This is the same for me, but a few weeks ago we had a tornado come through and the power was cut for 3-4 hours, and thats when I realized just how dark it gets without the night lights on. I took my TLR-1 off my Glock and put in the tub and left it on and gave everyone a hand held. No weapons involved here but I would have deffinatly needed a light in this situation and if there was a BG crawling around in all black I wouldn't see him unless I had my light constant on and I could see the perks of him shooting wildly at the light, and If I had a light railed gun I'm sure that would be bad for me.

Because of childern in the house I search for bumps in the night with my 1911 pointing at the ceiling and my flashlight pointing where I want to look just using bursts of light in corners to see if anyone is there.

I just thought of something, I very often make the assumption when I'm half asleep that if both the front door and the back door are both locked with the deadbolt locked as well then nobody is in my house... I still look in corners since I can see with living room night lights on if anything is there or changed but thats about as far as I go unless something really makes me think otherwise.

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  #14  
Old 02-24-2012, 01:18 PM
johnbrowning1911 johnbrowning1911 is offline
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Quote:
we had a tornado come through and the power was cut for 3-4 hours, and thats when I realized just how dark it gets without the night lights on
We are in a semi rural area in a third world US state where commercial power goes out frequently. Our record so far is 8 days without commercial power. Some years ago we installed an automatic standby generator to deal with the inconvenience of this, and it provides a bonus in terms of keeping the security lights on. Standby generators have come way down in price in recent years, and some can be had for less than the price of a custom 1911.

If a generator doesnt work for you, you can use night lights that have a built in battery and operate automatically in the event of a power failure. After trying several different kinds, I found one sold at Lowes under the Sylvania brand name that works quite well. These go for less than $10 each and plug in to a standard 110VAC outlet. The internal battery is charged by the commercial power, and when the power fails, the light comes on, or, using a switch on the unit, the light can be controlled by a photo cell so that is is on when the room is otherwise dark, and stays on in the event of a power failure. The internal battery doesnt last forever - maybe 12-24 hours run time and 3 year service life, but its effective and cheap. Here is a link: http://www.lowes.com/pd_284361-3-725...ght&facetInfo= Other models also available.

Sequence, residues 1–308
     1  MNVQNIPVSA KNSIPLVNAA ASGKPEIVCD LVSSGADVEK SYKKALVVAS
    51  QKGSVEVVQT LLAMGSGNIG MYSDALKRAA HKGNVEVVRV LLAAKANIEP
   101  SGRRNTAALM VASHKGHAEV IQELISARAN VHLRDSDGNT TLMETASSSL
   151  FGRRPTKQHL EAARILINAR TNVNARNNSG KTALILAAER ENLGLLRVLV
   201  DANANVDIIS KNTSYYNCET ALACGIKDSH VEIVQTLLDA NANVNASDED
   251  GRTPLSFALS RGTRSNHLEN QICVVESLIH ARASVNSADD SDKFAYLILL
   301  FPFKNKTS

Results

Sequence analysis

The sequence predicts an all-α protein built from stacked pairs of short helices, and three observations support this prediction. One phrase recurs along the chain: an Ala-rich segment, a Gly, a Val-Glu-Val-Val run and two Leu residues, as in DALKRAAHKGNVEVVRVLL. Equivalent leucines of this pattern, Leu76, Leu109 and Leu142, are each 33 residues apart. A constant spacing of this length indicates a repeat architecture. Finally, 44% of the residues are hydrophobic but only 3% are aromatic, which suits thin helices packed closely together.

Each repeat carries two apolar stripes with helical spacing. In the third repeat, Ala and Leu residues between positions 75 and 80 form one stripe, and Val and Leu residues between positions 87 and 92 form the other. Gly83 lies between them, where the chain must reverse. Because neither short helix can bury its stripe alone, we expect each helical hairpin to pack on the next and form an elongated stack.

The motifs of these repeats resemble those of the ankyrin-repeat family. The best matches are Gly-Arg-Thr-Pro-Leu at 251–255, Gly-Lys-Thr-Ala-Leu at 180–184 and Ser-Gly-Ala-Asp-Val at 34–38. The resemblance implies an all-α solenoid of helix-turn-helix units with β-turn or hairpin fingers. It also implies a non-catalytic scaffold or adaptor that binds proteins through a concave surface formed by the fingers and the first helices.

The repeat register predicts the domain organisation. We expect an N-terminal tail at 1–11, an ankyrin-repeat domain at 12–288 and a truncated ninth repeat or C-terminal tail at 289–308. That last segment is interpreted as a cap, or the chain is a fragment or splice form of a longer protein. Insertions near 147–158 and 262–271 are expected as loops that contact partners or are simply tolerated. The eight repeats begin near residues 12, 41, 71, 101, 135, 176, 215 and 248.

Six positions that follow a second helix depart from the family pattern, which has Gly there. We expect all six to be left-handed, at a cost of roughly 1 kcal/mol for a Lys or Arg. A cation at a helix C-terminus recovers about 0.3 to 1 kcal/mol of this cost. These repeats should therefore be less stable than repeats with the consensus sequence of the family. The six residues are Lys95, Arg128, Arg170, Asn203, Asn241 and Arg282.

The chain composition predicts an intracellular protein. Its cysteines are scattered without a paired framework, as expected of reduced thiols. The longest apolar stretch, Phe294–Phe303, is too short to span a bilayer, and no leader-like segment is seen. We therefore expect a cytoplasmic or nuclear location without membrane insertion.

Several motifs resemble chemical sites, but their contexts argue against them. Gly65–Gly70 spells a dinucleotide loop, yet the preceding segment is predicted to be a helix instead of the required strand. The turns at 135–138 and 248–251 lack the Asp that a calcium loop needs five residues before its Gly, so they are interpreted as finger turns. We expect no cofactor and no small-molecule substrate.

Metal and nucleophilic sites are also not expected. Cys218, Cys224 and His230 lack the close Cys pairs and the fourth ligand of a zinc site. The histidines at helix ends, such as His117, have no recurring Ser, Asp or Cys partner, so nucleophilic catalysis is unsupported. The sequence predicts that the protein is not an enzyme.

Quote:
I very often make the assumption when I'm half asleep that if both the front door and the back door are both locked with the deadbolt locked as well then nobody is in my house...
Not sure I'd rely heavily on this assumption. Will depend on your house. In mine, much easier to come through a window than a door.

Last edited by johnbrowning1911; 02-24-2012 at 04:13 PM.
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Old 02-24-2012, 10:15 PM
NonHyphenAmerican NonHyphenAmerican is offline
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I've never tried a rail mounted light.

I might try it, especially if I could do so without spending the money first.

As for houses being dark.

Everready makes some nifty flashlights that I have scattered around the house in various places. They are a nightlight when plugged in and getting a charge, but when the power goes off, the flashlight part lights up. If you unplug them, same result. There's a switch you can use to shut the light off.

These make for really effective nightlights, but also emergency lights.

In my basement for example, dark is DARK even in daytime. If I were down there at night and there's a power failure, or waiting out a storm and the power goes, the Everready lights immediately function.
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Old 02-25-2012, 02:13 AM
Rustin Rustin is offline
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I agree it is best to have both. If you were to only have one then I would suggest the hand held light. Rail mounted lights are nifty but I feel that they serve a better role for swat officers and soldiers. I would assume that more people live with families or roomates than alone. Identifying your target is the number one priority in low light, therefore you need a light that you can point towards a family member/roomate that isn't attatched directly to a lethal, projectile flinging weapon.
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Old 02-25-2012, 08:47 AM
wccountryboy wccountryboy is offline
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Why is the assumption being made that with a rail-mounted light you must point the gun at what you wish to illuminate? Lights are not laser beams, most illuminate a fairly wide cone. You can see something or someone easily without having the weapon pointed directly at them.
I also believe that your eyes should generaly be looking the same direction that the weapon is pointed. Depending on technique, handheld lights may support a lack of muzzle awareness.